Is there anything more frustrating these days than trying to contact customer services? Or spending ages searching company websites looking for the right email or head office telephone number?
When something you’ve bought malfunctions or you don’t receive the service you expect, like many of us you want to speak to someone who can resolve your problem quickly, efficiently and with the minimum of fuss.
It’s not that you want to cause trouble or make someone’s working life difficult, you just want what you’ve paid for and are entitled to.
In fact, everyone benefits if you complain in a way. Retailers and service providers should be actively seeking customer feedback, both good and bad, as a way of honing their customer offerings and maintaining that competitive edge.
You only have to look at what is currently being described as “the death of the high street” due to the onward march of online shopping, to conclude that the more retailers can improve and find ways to keep that vital communication going with their customers, the more likely they are to survive.
I always felt that, for example, ToysRUs might have had a better chance if it not only had a stronger online offering but if it had listened to the complaints such as you could never actually reach half the stock without a stepladder. Something Smyths Toys would do well to note.
Even today, not everyone has access to the internet or is comfortable using social media to make themselves heard. For this reason companies still need to make sure that telephone complaints are dealt with swiftly and efficiently. In particular, many members of the older generation have no choice but to either write or telephone. My parents are in their late 70s and will not pay for Broadband. Then there are those whose disabilities may prevent them from using a laptop or PC.
If you do want to make a complaint, finding a named contact or the right person to talk to can speed up your complaint. It’s worth doing your research before you go down what can occasionally seem like an endless tunnel of frustration and no response.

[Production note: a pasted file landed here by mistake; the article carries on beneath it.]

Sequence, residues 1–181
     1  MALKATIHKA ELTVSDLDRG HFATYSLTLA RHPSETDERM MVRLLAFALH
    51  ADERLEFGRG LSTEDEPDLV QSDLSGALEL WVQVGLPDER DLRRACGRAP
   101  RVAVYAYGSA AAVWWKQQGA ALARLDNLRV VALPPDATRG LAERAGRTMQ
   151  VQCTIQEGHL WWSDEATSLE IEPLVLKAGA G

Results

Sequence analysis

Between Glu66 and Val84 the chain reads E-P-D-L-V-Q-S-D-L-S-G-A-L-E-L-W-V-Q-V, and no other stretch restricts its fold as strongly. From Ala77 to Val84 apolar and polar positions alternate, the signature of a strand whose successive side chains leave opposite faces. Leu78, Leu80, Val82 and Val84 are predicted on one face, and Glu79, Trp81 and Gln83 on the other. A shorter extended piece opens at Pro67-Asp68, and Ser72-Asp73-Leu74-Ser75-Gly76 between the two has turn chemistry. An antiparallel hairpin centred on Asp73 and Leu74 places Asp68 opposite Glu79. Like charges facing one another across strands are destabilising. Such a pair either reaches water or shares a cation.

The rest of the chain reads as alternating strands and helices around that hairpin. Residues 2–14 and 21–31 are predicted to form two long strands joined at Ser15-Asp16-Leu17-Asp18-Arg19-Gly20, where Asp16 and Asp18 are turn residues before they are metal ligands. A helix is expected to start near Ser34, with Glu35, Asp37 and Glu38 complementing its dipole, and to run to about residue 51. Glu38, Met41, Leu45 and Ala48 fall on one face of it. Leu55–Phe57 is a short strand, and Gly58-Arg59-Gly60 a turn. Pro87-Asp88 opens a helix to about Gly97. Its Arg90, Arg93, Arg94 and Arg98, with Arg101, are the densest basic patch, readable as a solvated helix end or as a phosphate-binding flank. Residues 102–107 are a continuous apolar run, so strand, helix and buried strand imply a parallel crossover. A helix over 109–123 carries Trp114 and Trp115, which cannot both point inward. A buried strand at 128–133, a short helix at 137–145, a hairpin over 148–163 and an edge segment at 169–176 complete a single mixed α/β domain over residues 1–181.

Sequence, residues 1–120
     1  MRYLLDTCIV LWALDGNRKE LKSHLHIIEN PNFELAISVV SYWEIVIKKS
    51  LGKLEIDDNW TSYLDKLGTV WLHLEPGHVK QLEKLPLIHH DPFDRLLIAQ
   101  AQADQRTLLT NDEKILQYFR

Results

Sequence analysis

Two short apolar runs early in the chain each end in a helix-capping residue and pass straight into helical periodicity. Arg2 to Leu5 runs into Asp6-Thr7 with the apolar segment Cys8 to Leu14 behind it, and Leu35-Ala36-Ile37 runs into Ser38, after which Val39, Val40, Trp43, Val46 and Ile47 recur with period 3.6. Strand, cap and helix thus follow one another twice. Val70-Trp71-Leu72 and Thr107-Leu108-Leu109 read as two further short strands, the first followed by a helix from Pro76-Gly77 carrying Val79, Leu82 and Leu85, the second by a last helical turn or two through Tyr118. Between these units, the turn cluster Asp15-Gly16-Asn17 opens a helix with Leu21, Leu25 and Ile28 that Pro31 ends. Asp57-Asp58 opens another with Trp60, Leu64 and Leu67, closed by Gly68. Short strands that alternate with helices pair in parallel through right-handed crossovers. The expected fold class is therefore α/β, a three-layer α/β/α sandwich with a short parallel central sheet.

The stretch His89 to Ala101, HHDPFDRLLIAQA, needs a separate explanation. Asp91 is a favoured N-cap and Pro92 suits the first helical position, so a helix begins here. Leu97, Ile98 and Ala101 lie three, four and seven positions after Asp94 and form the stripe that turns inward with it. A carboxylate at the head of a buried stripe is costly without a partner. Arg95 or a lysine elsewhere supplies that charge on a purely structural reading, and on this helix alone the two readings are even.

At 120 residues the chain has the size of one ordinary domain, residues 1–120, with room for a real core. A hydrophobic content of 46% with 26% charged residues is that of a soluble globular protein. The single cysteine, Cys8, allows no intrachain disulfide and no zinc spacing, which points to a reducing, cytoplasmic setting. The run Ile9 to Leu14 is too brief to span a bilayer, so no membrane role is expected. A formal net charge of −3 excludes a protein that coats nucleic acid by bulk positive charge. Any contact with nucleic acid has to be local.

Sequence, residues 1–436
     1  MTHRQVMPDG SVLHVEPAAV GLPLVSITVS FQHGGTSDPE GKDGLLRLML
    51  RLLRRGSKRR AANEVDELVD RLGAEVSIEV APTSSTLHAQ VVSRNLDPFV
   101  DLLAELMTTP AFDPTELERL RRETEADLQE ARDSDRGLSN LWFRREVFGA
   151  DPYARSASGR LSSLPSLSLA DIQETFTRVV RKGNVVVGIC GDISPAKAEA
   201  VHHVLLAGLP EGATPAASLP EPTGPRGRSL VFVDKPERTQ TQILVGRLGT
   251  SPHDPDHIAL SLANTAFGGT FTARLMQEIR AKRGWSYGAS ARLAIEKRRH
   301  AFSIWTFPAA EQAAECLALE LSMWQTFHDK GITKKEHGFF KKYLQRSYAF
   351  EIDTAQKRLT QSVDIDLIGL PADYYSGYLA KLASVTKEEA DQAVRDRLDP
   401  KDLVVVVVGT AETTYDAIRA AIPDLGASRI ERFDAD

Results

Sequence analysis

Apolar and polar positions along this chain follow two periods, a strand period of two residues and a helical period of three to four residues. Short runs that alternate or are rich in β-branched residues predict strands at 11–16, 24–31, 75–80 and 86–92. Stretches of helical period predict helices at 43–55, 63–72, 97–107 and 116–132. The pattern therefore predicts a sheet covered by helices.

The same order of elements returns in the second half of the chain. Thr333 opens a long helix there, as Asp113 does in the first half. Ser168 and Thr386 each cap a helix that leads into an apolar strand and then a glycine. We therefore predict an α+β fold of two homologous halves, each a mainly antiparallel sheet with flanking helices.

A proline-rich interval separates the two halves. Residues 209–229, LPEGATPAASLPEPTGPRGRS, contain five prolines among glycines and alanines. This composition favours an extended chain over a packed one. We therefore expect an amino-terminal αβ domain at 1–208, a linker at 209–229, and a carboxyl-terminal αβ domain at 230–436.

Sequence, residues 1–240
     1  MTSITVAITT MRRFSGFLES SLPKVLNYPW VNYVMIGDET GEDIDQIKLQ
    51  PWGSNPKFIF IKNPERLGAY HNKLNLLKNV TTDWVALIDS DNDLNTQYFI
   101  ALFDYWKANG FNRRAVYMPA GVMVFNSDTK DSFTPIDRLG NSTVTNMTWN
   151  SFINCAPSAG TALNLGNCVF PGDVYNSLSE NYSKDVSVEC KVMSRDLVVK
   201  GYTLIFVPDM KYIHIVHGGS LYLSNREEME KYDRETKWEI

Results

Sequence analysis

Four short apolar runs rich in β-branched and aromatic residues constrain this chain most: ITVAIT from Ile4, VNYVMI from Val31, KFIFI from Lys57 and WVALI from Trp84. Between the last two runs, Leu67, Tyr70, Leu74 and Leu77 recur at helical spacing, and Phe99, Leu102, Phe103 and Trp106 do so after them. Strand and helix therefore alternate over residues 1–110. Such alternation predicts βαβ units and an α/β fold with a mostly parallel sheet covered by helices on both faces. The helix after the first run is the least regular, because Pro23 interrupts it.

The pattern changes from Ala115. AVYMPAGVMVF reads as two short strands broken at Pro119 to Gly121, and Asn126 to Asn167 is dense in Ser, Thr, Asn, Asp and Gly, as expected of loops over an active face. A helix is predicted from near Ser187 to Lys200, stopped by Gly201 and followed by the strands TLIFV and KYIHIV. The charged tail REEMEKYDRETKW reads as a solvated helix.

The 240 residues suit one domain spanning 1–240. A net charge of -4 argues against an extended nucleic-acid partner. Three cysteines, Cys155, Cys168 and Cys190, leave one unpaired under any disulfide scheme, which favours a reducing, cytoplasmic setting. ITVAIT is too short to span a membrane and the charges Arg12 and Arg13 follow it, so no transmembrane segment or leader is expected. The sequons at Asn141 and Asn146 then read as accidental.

The bigger the organisation, the more difficult it is to get yourself heard. We all lead increasingly busy lives and we simply don’t want to spend hours trying to find the Asda Head Office Contact Number or remember the password, pin, special word or voice recognition phrase we were asked to set up last time (and didn’t write down).
As the busiest shopping period of the year approaches – Christmas and the New Year sales, knowing your legal rights is crucial. Whether you are buying online or in-store, make sure you understand when you are allowed to return items and what proof of purchase you need.
Some stores will not refund items without a receipt and will offer vouchers instead. Some stores set a time-limit on when goods can be returned. Gift cards can be a minefield too. If a store goes into administration then these may not be accepted. You may have read about a lot of very unhappy House of Fraser gift card holders who are waiting to see if Mike Ashley, the boss of Sports Direct who has reportedly bought House of Fraser will honour them.
I was recently horrified to discover that the £100 of Love2Shop vouchers I had been saving had a time-limit too and are now worthless. Love2Shop themselves are strangely quiet on the matter.
After doing your research and finding the right person to complain to, whether by using the head office telephone number or firing off an email, text or tweet, the next most important thing is to have the confidence to stand your ground.
The more unscrupulous outlets will do their utmost to make complaining and reimbursement as difficult as possible.
Don’t be fobbed off. But do remember the old saying “you catch more flies with honey than vinegar”. Customer service representatives are human too and politeness is more likely to get you listened to than aggression and expletives.